Relative motion of points on a rigid body

 


Relative velocity of points on a rigid body: Consider points A and B on a rigid body. The relative position of B with respect to A is given by rB/A.

 

The relative velocity of B with respect to A is given by . Since the distance between points A and B does not change in a rigid body, |rB/A| is constant and one can calculate the derivative of rB/A using the lemma to get

 

 

where is the angular velocity of the rigid body. Since vB/A is the cross product of and rB/A, the relative velocity of B with respect to A is perpendicular to both and rB/A.

 

Relative acceleration of points on a rigid body: The relative acceleration of point B with respect to A is given by the derivative of vB/A. Using the above expression for relative velocity, one gets

 

 

2-D motion: In 2-D, the angular velocity and angular acceleration can be written as

 

 

Example 1:

The following are graphical representations of the relative velocity and relative acceleration of points on a rigid body.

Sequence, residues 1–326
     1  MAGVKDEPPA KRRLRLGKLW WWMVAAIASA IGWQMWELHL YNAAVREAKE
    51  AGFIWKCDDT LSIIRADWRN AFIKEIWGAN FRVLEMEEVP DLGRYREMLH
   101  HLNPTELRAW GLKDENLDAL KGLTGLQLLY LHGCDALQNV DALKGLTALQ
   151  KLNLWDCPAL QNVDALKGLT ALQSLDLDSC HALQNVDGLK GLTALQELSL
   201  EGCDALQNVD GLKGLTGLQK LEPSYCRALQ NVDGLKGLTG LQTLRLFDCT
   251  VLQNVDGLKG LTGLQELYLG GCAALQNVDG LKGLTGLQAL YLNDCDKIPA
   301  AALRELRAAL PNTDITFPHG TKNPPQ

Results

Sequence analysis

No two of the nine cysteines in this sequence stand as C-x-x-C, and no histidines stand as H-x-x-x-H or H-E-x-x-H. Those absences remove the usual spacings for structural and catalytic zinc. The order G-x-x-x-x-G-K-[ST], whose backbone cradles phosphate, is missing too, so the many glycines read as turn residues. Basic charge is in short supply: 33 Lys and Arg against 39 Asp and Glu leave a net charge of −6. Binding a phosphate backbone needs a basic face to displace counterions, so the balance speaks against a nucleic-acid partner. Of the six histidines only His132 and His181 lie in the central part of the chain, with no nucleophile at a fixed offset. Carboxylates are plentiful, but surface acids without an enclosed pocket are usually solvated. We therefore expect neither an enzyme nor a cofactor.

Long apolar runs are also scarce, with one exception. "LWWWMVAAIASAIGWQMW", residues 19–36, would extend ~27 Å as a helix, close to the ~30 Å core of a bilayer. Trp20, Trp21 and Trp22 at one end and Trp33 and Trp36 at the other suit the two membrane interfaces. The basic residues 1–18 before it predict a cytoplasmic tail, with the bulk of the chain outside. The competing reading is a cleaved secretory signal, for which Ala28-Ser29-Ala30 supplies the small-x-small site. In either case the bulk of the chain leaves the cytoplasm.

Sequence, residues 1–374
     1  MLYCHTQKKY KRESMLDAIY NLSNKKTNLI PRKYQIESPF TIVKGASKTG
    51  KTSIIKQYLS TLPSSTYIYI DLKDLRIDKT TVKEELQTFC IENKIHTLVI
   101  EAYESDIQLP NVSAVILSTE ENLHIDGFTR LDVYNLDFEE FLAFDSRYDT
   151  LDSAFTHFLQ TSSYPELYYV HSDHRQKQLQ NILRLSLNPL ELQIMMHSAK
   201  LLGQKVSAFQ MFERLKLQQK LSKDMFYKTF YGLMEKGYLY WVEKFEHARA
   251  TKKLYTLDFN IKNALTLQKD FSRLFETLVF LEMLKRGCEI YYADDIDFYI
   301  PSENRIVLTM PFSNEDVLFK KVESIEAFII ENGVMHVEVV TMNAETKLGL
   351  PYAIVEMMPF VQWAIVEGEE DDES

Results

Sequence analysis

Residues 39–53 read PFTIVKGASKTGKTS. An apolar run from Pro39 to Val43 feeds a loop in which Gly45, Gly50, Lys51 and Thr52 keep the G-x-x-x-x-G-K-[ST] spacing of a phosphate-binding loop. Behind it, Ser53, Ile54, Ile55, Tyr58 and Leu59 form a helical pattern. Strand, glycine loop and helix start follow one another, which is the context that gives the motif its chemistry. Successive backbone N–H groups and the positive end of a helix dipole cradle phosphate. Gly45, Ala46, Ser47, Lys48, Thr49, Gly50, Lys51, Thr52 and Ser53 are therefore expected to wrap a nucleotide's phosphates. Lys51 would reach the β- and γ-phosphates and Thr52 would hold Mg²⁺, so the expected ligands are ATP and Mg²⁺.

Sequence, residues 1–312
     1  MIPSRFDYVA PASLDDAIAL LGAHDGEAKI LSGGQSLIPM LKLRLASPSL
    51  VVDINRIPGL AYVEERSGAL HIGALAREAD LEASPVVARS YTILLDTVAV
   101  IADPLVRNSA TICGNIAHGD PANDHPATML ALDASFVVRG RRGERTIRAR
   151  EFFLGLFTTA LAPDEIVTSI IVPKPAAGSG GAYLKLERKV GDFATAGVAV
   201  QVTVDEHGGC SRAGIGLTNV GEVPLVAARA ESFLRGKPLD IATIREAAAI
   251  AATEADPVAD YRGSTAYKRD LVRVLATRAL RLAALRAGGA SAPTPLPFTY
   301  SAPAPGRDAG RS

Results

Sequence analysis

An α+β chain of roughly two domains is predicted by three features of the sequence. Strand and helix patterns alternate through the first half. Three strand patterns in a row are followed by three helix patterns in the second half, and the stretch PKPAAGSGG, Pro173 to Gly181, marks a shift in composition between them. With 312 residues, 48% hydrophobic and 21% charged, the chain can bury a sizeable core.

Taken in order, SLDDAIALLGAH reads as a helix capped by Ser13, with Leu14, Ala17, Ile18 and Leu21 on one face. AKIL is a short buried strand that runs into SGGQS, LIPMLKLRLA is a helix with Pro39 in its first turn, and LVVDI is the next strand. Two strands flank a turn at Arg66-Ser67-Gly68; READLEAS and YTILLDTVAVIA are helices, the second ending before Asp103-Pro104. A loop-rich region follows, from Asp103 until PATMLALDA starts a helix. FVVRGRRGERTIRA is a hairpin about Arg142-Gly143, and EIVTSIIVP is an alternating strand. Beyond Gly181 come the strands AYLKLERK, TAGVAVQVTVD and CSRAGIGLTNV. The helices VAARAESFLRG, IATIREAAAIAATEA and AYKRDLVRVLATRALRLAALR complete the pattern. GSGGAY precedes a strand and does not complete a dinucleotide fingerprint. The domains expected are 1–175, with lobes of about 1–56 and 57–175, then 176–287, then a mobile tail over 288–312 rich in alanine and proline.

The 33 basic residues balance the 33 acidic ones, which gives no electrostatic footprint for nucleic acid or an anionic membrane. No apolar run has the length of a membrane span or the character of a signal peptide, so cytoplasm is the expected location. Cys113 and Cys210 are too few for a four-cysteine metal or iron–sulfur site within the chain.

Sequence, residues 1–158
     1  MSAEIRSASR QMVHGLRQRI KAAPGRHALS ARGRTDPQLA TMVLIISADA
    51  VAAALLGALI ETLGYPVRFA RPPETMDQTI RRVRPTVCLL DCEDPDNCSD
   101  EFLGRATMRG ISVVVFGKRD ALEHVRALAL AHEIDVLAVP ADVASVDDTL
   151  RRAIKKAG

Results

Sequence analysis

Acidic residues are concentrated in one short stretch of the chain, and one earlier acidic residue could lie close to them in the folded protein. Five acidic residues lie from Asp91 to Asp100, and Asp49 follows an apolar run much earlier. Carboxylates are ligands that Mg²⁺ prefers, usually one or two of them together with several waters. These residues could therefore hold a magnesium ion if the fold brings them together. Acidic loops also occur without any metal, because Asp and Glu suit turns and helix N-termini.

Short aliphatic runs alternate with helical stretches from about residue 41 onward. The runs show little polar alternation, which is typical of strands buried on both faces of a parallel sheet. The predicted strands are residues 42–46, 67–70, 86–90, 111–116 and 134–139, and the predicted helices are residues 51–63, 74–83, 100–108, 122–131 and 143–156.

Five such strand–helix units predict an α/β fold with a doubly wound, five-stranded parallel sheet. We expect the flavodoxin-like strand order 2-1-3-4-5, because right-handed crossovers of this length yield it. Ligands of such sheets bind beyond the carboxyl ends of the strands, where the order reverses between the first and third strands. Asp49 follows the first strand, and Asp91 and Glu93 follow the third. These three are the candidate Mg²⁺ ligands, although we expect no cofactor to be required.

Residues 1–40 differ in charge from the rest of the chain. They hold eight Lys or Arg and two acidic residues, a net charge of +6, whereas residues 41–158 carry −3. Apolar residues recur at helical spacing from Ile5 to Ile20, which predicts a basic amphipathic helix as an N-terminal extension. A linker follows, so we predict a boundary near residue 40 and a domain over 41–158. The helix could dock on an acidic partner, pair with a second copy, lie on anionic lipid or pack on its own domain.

The left figure shows that the motion of point B relative to A describes a circle since the distance between the points does not change. As a result, the velocity of B relative to A is tangent to this circle. The right figure shows the components of acceleration. Since the relative motion is on a circle, the acceleration of B relative to A has a component tangent to the circle (= tangential component) and a component towards the center of rotation (= centripetal component).

 

Example 2

Example 3

Example 4

 

Since the relative motion of two points on a rigid body always is described by motion on a circular path, one can also use polar coordinates with a constant radial coordinate r (i.e., ), , and . This results in expressions for relative velocity and acceleration given as


 

 

 

Another method of describing relative motion is by using normal and tangential coordinates. This results in

 

 


 

 

 

 

 


Mehrdad Negahban and the University of Nebraska, 1996-2002.

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Department of Engineering Mechanics, University of Nebraska, Lincoln, NE 68588-0526